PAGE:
Why arbitration may help the development of Qatar …

Project spending in Qatar, which was QR43.68 billion ($12 billion) in 2012, is expected to be around QR123.76 billion ($34 billion) in 2014, and this is likely to increase as Qatar’s National Development Strategy is planning to invest an estimated QR666.12 billion ($183 billion) for key infrastructure projects between 2011 and 2016.
However, along with the increase in project spending expenditure, litigations are also likely to climb, resulting in delays in the execution of projects, thus pushing up their costs. While the parties involved in disputes prefer to seek legal recourse to find a solution, arbitration is increasingly displacing litigation as the most common method of finding a solution.
Companies like Qatar Rail, the New Doha Port and Hamad International Airport have arbitration clauses in their contracts, and most of them have adopted the International Chamber of Commerce (ICC) Rules, with Doha as the seat of arbitration.
Where arbitration is provided for in a contract, it is usually handled by the Qatar International Centre for Conciliation and Arbitration (QICCA), the Qatar International Court and Dispute Resolution Centre (QICDRC) or the International Chamber of Commerce (ICC).
Disputes can be due to various reasons, such as escalation in the project cost over a period of time, disagreement among the litigants (if more than two parties are involved) following some development locally, or failure of either party to fulfil the contractual obligations. Since court cases can take a long time, arbitration is viewed as a God-sent opportunity for the parties in litigation, as it not only saves time and money but also resolves issues in an amicable manner.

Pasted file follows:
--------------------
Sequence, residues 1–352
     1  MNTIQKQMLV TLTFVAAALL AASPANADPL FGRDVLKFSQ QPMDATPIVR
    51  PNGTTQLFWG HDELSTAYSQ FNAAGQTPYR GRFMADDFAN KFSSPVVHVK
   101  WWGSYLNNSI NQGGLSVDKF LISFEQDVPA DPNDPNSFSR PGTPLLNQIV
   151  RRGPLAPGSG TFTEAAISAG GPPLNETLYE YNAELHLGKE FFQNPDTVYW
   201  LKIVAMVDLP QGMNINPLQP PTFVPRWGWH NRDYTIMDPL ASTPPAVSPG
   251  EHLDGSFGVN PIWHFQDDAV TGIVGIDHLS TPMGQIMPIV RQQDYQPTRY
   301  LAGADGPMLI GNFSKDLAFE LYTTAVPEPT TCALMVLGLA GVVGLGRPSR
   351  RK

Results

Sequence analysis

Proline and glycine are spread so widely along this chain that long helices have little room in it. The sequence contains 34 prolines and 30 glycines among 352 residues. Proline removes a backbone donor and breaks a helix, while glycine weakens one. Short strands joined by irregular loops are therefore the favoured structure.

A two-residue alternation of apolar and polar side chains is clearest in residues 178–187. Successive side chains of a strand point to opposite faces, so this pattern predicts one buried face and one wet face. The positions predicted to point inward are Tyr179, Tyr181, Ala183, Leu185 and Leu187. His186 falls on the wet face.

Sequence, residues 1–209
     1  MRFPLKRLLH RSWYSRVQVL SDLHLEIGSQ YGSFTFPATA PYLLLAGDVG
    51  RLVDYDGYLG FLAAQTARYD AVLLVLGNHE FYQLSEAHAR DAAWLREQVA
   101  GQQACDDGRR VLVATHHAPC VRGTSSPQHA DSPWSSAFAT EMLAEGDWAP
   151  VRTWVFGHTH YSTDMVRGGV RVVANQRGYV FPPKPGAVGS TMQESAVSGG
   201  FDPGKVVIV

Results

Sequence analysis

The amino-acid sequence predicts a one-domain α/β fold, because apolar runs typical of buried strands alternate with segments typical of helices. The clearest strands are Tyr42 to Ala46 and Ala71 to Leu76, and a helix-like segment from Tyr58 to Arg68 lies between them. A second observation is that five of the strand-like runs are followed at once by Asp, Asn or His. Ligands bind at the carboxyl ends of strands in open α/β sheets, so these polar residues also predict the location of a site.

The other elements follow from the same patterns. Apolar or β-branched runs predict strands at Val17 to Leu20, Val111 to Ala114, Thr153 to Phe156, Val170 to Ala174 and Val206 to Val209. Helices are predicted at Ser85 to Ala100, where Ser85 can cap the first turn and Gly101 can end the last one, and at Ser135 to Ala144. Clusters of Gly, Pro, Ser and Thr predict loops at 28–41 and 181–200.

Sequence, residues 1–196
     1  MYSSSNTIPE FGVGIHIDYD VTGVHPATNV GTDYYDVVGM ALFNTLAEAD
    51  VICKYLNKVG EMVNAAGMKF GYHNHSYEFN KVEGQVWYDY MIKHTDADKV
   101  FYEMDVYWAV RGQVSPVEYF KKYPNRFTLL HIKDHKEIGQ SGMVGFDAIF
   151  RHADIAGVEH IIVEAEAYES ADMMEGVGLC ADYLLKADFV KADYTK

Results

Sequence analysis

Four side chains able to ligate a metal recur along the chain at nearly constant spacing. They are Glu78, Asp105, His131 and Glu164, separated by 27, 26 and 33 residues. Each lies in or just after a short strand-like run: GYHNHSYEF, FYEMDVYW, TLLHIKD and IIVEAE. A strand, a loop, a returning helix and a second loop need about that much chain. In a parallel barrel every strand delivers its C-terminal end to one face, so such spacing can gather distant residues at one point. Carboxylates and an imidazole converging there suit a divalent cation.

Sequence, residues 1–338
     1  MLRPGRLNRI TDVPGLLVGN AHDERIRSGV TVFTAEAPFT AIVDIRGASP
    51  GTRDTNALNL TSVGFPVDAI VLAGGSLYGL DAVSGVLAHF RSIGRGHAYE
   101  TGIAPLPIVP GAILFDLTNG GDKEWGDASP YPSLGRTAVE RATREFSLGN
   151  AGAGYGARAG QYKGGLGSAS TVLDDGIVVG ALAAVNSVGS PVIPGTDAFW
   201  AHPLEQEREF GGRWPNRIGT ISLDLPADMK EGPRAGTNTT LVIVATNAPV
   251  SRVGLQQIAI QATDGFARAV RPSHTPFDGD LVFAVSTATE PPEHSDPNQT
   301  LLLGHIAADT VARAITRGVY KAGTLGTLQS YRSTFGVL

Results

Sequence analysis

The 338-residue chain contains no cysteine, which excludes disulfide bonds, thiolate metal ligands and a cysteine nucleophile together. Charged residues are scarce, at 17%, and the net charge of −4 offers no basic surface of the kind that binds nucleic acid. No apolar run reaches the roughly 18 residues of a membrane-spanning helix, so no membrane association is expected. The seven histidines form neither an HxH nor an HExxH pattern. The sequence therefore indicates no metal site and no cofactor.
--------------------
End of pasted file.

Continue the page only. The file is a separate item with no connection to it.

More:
“Mediation and arbitration are two examples which can be extremely useful in this effort, while early neutral evaluation is another tool which has been employed with success in several countries and can be adapted to assist the parties in focusing their efforts on the real issues in a dispute and in achieving settlement if they wish to do so.”

Dr Minas Khatchadourian
Executive Director,
Qatar International Centre for Conciliation and Arbitration

ADR methods
Alternative dispute resolution (ADR) methods such as conciliation, mediation and adjudication have yet to gain currency in Qatar, but there has been considerable increase in these methods, as most major projects are now being tendered and awarded with suitable arbitration clauses.
Detailing the various options to settle disputes, QICCA Executive Director Dr Minas Khatchadourian says there are numerous methods available to avoid the time and expense of litigation before a judge if the parties to a dispute wish to do so but are unable to resolve their differences by direct negotiation.
“Mediation and arbitration are two examples which can be very useful in this effort, while early neutral evaluation is another tool that has been employed with success in certain areas and can be adapted to assist the parties in focusing their efforts on the real issues in a dispute and in achieving settlement if they wish to do so,” he says.